If this cast sounds confusing, it was and I had read the other stories right before. Gilchrist in this long novella is also constantly shifting point-of-view. What we're actually reading is something like the stream-of-consciousness of Traceleen or Lydia or Andria or Daniel's daughters Olivia (the recently discovered half-Native American) or her half-sister Jessie. Whew! It does clarify. Come to think of it, she doesn't do any male POV's in this story and it's not something she gives us much of a glimpse of in the other stories.

Noel wants to ensure that Crystal and Lydia get her cache of letters from Anna and bring them back to New Orleans. She neglects to point out at this point that Helen, Anna's literary executor, wants to get her hands on them. You think there's going to be some kind of suspense here, especially when Helen pops up with her new lover, a hunky Boston poet. Or when the teenage girls discover the cache and make some kind of secret club about it. But none of it really goes anywhere. Helen doesn't get the letters, doesn't come close, and they don't seem particularly important. Now, this approach can work. I can see a movie or TV movie set up so that you think this is the chase and then the rug gets pulled out from under you. This doesn't feel that way.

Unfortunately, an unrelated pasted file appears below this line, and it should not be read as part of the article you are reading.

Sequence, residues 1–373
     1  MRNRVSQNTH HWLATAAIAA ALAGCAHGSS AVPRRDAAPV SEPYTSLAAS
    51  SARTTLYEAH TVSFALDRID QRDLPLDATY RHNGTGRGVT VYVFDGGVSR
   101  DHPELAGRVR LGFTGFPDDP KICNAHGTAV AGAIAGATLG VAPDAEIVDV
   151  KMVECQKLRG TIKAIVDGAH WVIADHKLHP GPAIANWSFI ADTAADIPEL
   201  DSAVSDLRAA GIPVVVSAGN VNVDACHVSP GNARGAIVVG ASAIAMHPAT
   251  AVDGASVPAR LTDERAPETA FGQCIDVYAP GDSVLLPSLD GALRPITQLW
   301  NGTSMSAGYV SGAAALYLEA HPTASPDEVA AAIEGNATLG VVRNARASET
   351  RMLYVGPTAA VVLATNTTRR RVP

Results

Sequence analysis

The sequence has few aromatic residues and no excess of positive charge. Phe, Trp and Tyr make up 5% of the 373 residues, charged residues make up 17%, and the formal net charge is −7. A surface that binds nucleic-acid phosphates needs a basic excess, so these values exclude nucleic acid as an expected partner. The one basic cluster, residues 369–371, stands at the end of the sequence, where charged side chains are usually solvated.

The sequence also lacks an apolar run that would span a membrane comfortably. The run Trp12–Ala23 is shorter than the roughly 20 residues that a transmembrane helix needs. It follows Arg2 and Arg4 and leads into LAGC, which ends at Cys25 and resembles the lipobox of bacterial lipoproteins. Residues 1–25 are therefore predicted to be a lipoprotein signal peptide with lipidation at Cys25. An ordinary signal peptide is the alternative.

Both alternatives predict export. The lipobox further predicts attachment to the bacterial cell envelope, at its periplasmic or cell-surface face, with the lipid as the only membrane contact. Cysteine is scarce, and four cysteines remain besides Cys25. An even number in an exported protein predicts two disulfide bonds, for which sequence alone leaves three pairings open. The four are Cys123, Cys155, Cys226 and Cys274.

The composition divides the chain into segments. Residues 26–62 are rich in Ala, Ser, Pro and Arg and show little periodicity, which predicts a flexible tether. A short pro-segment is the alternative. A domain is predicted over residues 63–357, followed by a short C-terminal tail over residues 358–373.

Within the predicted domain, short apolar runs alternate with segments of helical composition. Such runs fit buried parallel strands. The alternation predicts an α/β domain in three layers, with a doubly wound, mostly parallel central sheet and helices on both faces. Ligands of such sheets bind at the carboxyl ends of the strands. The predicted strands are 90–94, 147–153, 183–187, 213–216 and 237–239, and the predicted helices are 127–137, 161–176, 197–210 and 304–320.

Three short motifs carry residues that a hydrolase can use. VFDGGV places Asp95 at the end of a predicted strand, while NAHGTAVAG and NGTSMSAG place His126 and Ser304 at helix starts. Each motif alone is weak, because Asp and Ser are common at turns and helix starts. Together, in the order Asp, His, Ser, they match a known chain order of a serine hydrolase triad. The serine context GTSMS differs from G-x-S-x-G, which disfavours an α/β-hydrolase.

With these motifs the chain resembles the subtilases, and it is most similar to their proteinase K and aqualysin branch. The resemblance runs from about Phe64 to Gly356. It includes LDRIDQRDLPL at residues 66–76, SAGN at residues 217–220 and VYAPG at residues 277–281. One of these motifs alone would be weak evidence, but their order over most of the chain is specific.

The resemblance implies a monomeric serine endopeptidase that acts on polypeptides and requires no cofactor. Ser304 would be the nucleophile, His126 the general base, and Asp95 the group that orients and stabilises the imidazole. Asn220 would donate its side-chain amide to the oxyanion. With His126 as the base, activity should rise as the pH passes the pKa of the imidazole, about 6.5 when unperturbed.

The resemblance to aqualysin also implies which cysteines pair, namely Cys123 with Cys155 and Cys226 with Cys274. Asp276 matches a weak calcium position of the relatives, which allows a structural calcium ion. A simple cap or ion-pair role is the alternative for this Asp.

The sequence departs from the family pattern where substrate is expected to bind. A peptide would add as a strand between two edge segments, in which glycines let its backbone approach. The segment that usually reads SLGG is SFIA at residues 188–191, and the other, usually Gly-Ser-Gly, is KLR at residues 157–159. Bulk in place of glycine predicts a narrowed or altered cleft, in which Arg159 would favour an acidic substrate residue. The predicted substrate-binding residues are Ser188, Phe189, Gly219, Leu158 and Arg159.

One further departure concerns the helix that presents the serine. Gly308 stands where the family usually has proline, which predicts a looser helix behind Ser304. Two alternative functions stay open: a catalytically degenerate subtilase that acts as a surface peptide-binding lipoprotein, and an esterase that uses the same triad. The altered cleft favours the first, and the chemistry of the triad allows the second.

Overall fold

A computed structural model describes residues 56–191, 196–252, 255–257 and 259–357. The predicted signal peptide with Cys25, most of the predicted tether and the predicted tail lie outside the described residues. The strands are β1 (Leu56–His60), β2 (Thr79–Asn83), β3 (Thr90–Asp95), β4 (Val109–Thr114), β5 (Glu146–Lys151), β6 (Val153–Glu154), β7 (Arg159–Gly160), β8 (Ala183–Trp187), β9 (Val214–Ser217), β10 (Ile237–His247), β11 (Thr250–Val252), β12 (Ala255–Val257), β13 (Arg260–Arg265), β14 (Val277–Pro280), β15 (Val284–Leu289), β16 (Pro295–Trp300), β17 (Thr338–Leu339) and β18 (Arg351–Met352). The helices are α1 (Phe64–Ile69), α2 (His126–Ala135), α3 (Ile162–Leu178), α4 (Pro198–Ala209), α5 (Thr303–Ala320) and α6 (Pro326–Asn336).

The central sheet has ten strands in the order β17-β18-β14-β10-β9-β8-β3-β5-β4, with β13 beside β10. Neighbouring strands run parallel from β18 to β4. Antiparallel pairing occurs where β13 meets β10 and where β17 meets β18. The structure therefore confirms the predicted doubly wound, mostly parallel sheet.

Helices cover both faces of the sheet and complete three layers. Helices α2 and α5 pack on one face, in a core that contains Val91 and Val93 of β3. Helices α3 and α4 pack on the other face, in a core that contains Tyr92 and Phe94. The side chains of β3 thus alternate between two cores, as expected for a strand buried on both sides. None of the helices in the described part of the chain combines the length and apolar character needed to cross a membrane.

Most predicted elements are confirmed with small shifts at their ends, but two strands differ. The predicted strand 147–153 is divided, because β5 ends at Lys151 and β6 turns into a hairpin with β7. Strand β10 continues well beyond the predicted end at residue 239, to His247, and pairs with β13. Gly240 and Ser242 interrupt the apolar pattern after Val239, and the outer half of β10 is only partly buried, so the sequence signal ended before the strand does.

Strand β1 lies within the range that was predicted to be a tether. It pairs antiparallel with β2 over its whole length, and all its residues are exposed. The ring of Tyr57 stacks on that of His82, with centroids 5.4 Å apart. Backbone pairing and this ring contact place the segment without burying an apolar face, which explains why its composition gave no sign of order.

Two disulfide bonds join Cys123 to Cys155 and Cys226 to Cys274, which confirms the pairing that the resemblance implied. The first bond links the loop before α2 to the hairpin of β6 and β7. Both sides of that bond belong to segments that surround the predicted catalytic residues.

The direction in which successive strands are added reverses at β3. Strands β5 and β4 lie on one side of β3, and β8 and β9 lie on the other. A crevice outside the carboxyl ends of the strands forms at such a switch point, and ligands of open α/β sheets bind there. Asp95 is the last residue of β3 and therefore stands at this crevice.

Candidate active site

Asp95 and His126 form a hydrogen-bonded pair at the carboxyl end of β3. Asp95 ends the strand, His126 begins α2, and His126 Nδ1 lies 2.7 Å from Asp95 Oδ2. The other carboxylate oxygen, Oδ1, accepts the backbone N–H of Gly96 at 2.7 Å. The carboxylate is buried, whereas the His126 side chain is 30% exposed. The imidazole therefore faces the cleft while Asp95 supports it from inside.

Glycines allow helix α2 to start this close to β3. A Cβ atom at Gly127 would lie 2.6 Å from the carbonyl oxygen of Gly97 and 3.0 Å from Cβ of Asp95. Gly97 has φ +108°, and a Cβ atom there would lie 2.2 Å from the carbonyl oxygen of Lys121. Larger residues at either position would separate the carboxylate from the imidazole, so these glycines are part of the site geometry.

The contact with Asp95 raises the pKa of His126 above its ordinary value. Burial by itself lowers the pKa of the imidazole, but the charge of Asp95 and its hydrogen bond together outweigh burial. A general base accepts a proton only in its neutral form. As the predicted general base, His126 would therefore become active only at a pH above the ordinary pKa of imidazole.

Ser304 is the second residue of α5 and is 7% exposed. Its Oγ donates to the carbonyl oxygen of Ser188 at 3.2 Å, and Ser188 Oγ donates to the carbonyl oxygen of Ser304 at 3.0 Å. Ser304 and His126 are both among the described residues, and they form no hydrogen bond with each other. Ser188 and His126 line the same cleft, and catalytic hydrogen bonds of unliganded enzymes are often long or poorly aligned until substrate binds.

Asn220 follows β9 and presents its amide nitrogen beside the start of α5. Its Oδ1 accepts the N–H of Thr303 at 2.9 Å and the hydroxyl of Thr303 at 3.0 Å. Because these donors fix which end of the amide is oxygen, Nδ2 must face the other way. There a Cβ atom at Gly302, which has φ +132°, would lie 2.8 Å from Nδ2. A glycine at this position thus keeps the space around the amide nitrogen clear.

And Gilchrist can be adept at throwing the usual dramatic high points and encounters overboard. Cases in point: At age 19 or so, Daniel (as we learn in the second story, De Havilland Hand) had married a young Native American woman in the druggy San Francisco 1960's, but they split up before he could learn that she was pregnant. She died at Olivia's birth at home in Oklahoma and he doesn't find out until Olivia is a teenager. Soon after the first split, he marries the beautiful bitch-crush of his youth, Sheila, and has Jessie. You might think Gilchrist would want to show how this news hits Daniel and the rest of his family. What's his or Jessie's first sight of Olivia? Etc. That's not Gilchrist. It's all fait accompli by the time we find out. There's never any question that the clan will embrace, or try to embrace, Olivia.